WTI and Brent used to trade closer, but prices have diverged over the past few years
The spread between West Texas Intermediate (and WTI) and Brent crude represents the difference between two crude benchmarks. WTI represents the price oil producers receive in the U.S. and Brent represents the prices received internationally. The two crude oils share a similar quality. However, off late, the prices have differed greatly between the two crudes because the recent production surge in the U.S. caused a buildup of crude oil inventories at Cushing, Oklahoma, where WTI is priced. This created a supply and demand imbalance at the hub, causing WTI to trade lower than Brent.
WTI-Brent widened last week
The WTI-Brent spread closed at $7.85 per barrel on Thursday, July 31, compared to $6.3 per barrel at the prior week’s close. The spread widened despite a crude oil inventory level decrease that was more than the analysts’ expectations
Both grades of crude fell last week. But WTI decreased more due to:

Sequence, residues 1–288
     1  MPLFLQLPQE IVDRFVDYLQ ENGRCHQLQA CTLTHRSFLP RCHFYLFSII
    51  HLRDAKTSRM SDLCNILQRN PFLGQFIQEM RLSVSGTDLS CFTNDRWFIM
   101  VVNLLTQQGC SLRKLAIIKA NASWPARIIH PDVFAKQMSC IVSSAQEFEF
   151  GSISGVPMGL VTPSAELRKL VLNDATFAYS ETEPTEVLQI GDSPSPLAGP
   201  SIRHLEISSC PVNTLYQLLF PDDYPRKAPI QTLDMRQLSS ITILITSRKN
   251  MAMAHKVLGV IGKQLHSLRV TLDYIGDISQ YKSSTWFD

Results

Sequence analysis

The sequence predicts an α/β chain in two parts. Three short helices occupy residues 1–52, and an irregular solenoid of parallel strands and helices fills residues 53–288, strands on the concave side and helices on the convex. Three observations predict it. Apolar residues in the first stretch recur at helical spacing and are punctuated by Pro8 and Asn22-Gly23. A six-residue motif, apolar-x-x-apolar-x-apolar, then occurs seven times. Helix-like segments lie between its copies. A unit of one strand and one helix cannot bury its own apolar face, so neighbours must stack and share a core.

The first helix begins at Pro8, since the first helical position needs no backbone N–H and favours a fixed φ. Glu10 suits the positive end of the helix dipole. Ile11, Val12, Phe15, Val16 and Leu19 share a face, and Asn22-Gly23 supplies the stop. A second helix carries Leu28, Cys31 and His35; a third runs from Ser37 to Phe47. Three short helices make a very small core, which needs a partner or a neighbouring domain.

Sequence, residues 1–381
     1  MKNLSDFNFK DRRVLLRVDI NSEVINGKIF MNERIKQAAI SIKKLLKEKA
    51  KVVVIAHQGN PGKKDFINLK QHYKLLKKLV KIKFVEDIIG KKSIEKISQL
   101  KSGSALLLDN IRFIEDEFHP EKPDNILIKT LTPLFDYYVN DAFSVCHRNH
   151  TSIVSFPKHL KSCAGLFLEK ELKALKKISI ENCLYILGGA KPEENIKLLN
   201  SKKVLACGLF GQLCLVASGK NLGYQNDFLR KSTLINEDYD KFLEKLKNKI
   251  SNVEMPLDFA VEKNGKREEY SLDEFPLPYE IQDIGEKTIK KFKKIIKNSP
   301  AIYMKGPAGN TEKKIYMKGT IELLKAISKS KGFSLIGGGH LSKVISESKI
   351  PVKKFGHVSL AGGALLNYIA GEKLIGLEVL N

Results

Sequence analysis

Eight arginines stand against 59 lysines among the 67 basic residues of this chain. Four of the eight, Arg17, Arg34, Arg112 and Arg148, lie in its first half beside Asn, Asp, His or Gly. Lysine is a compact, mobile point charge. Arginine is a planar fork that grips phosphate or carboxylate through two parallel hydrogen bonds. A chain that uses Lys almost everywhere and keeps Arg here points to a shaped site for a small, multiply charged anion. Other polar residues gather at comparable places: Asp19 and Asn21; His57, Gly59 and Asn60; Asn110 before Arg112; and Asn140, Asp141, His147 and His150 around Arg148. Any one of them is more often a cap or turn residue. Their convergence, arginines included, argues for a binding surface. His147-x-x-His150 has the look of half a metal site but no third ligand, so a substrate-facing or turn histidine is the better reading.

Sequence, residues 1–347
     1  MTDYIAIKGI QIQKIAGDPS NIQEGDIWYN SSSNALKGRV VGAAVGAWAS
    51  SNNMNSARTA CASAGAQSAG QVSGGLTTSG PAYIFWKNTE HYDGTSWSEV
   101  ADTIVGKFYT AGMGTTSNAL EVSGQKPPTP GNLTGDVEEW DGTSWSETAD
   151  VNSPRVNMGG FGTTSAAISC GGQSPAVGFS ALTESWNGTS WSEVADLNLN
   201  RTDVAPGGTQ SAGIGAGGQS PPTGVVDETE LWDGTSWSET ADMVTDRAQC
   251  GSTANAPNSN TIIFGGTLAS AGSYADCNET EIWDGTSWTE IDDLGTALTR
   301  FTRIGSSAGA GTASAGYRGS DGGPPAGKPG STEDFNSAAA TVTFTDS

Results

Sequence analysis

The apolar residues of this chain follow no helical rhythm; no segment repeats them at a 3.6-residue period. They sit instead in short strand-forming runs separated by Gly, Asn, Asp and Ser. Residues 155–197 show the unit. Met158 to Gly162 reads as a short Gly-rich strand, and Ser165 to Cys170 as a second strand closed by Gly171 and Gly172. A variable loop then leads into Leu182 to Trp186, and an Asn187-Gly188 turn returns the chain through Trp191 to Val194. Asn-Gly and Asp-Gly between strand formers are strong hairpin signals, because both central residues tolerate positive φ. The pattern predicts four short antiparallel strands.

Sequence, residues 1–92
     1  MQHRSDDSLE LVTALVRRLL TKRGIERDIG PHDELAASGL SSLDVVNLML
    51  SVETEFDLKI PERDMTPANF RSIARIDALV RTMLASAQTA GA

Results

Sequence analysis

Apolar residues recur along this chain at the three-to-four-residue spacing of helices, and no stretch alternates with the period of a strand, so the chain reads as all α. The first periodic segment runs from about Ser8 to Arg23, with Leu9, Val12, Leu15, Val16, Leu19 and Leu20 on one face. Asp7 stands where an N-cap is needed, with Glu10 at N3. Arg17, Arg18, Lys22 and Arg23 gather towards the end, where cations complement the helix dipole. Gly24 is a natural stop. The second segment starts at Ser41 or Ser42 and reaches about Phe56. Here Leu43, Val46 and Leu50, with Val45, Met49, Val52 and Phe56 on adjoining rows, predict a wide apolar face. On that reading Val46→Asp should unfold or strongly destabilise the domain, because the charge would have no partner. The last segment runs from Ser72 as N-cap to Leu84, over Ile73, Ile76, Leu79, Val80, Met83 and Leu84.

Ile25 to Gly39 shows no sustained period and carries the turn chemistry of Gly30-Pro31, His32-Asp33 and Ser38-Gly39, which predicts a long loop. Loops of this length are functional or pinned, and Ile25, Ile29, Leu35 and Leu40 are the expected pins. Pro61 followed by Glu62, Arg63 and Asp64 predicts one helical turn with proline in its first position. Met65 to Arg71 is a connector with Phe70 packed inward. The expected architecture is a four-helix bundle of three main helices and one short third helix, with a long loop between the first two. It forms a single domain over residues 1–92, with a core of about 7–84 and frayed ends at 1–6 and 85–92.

- A fire in a Kansas refinery, causing the refinery to shut down and therefore threaten crude demand
- A strong dollar, making dollar-priced oil commodities more expensive for foreign currency holders and thereby reducing demand
- An increase in gasoline stockpiles, also causing WTI to trade lower
A wider spread causes domestic oil producers like Chesapeake (CHK), Concho Resources (CXO), Range Resources (RRC), and Oasis Petroleum (OAS) to realize lower prices on oil compared to international producers. Most of these companies are components of the Energy Select Sector SPDR ETF (XLE).
The increased transportation capacity from Cushing to demand centers like refineries on the Gulf Coast is bullish for WTI crude oil prices.
Also, as you saw in the previous part of this series, stocks at Cushing continue to decrease. Since the beginning of 2014, weekly crude inventory at Cushing, Oklahoma, has fallen from 40.7 million barrels to 17.9 million barrels for the week ending July 25. This could bring WTI and Brent prices closer together.
The next part of the series will cover changes in natural gas inventory levels and natural gas prices.